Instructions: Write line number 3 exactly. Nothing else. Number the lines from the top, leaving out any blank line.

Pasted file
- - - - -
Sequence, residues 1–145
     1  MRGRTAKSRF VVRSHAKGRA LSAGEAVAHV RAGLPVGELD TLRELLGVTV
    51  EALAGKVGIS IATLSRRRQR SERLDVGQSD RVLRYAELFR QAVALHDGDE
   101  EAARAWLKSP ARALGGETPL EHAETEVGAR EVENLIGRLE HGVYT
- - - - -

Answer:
    51  EALAGKVGIS IATLSRRRQR SERLDVGQSD RVLRYAELFR QAVALHDGDE